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If you're ready for more parenting time, consider a modification

There's a common but inaccurate belief that custody terms are set in stone and permanent when you divorce. When the courts issue an order allocating parental responsibilities, including parenting time, decision-making authority and child support, those orders are meant to help provide for the best interests of the children. It's natural to assume that those terms are final and permanent.

In reality, the conditions of your parenting plan can change at any time if you or your ex request a modification from the courts. The Colorado courts understand that life situations change, so you do have the opportunity to request a review of your parenting plan and allocated parental responsibilities at any time after the finalization of your divorce.

Focus on the needs of your children, not your own

When the courts decide how to allocate parental responsibilities in a divorce, the focus should always be on the best interests of the children. The same is true for you and your ex. You should always do your best to make decisions that reflect the social, emotional and physical needs of your children before all else. That means you need to consider if additional time with you outweighs disruption of the established routine in their lives.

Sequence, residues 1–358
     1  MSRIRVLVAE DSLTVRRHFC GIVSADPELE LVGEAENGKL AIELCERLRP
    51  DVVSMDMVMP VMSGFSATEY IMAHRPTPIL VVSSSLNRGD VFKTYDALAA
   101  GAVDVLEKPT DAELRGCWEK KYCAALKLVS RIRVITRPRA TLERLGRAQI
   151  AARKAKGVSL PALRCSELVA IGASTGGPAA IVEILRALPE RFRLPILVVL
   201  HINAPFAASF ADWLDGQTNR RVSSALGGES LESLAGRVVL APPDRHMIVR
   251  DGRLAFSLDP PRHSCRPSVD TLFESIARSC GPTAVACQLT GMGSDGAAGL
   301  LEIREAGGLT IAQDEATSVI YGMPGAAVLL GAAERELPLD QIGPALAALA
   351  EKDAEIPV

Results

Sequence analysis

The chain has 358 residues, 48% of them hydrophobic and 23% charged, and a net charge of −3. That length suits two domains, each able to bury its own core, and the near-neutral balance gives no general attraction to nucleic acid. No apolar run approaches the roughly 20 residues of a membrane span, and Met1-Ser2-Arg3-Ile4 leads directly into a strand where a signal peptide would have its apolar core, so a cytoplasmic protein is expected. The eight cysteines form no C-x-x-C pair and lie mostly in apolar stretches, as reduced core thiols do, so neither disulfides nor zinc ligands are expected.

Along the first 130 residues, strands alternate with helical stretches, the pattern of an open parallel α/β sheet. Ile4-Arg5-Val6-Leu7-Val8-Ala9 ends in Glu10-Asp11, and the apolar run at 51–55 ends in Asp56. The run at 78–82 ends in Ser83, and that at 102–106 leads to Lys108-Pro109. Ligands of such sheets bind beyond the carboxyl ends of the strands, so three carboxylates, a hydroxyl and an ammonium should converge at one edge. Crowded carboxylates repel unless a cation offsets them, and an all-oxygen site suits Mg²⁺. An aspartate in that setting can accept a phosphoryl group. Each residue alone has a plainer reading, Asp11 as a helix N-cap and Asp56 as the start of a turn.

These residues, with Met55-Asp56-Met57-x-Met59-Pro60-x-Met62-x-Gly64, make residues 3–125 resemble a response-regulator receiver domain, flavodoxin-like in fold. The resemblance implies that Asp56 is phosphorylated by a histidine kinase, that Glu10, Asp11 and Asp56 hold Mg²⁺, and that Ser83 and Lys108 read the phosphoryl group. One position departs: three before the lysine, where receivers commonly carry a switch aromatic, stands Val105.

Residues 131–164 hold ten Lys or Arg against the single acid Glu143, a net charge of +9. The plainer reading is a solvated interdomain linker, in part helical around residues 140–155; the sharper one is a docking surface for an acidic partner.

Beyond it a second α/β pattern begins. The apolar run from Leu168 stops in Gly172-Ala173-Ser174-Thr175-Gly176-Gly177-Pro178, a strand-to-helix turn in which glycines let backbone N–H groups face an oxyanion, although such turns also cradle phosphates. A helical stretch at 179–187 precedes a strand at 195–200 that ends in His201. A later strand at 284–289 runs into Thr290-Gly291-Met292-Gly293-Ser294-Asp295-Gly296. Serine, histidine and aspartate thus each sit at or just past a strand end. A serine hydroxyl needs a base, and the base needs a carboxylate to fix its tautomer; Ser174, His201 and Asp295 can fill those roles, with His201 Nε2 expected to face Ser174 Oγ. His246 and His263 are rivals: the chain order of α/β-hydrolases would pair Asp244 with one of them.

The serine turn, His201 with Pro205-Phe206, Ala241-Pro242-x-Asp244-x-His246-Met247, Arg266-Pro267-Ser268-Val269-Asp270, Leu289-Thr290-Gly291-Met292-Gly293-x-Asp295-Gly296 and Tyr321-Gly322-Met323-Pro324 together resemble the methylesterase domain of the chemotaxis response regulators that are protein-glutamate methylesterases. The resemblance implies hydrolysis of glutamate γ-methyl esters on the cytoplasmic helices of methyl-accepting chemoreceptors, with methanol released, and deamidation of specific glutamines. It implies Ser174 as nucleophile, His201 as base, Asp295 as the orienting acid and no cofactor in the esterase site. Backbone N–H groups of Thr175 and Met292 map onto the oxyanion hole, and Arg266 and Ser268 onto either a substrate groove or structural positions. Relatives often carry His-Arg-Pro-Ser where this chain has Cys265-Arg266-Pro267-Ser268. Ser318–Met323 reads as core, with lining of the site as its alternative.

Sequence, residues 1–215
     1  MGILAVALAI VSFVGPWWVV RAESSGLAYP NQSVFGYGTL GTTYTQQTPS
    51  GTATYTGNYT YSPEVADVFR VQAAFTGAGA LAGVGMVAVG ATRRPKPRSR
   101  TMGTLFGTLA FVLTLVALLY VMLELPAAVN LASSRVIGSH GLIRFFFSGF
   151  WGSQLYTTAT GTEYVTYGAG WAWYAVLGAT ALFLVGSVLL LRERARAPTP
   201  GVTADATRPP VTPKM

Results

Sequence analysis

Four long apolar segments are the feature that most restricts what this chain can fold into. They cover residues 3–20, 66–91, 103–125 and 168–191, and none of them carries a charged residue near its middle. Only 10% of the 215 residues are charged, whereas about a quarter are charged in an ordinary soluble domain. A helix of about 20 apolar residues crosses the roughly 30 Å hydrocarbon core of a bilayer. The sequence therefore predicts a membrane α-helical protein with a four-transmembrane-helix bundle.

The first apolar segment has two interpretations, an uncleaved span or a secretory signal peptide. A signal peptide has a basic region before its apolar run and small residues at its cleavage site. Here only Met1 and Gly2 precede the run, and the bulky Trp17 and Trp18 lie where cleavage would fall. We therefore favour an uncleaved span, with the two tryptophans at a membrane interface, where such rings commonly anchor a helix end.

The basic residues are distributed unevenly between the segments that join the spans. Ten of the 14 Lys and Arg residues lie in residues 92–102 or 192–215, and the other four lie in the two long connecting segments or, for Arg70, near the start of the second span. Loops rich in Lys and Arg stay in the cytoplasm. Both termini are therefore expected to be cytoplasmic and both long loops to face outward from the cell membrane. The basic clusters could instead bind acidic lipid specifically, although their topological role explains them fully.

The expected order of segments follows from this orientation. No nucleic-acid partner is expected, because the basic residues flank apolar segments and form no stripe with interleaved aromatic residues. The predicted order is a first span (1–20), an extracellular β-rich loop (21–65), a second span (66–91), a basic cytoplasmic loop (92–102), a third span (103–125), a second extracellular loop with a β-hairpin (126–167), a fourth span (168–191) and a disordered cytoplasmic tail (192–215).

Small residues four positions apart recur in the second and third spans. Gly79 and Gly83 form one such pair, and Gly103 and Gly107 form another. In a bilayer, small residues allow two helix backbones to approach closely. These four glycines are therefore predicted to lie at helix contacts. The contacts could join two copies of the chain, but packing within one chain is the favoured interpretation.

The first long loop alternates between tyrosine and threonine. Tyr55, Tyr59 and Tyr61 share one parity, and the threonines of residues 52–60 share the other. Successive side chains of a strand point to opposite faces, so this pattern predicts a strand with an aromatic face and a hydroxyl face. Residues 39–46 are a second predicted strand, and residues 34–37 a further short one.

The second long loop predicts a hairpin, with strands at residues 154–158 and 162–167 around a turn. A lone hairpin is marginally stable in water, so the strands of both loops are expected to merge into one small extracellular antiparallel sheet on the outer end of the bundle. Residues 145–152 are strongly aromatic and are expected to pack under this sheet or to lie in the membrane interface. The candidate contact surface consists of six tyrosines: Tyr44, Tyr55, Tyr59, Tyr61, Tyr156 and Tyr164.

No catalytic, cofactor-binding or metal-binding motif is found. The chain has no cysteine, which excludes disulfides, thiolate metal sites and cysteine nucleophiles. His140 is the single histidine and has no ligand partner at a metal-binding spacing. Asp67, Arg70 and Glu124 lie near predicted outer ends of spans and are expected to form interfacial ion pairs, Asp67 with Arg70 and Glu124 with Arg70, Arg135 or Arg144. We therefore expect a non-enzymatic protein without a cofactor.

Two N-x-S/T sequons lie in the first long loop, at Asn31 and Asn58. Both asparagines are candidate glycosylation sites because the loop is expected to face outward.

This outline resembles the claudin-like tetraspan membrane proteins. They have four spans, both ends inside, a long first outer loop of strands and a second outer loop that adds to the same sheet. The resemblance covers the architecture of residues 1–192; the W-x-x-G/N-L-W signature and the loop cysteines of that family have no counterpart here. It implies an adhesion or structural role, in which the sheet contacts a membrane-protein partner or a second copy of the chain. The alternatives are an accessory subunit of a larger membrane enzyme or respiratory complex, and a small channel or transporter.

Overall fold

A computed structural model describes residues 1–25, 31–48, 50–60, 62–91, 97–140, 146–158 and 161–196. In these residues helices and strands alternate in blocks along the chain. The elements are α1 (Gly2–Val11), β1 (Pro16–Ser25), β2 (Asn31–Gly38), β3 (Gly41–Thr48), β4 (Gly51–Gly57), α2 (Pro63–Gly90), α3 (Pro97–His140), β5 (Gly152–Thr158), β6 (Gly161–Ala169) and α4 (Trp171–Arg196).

The courts will generally want to protect the children's relationships with both parents, barring situations involving domestic violence or substance abuse. When you seek a modification for increased parenting time, it's often a wise choice to frame your request from the perspective of providing additional support for the children and building the relationship. Especially in cases where your ex is alienating you from the children, establishing the importance of your relationship with them is crucial.

There are many reasons to seek a modification

There are countless reasons why a parent needs to ask the courts to reconsider the allocation of parental responsibilities. Perhaps you failed to adequately advocate for yourself during the initial divorce, resulting in a poor outcome with limited parenting time for you. Maybe you had issues, ranging from loss of a job to military service, that precluded you providing a home and care for a while.

Other issues that can result in uneven division of parenting time include substance abuse, a history of spousal or child abuse, and even refusing to comply with temporary support and visitation orders during divorce proceedings. People in any of these situations have the right to seek a modification of the parenting plan and increased time with their children.

Even parents who receive little parenting time or visitation due to addiction or behavioral problems can seek a modification. Evidence of rehabilitation, addiction therapy or counseling to address mental health issues can demonstrate to the courts your willingness to put the needs of your children first. Protecting your time and relationship with your children is a worthwhile endeavor.

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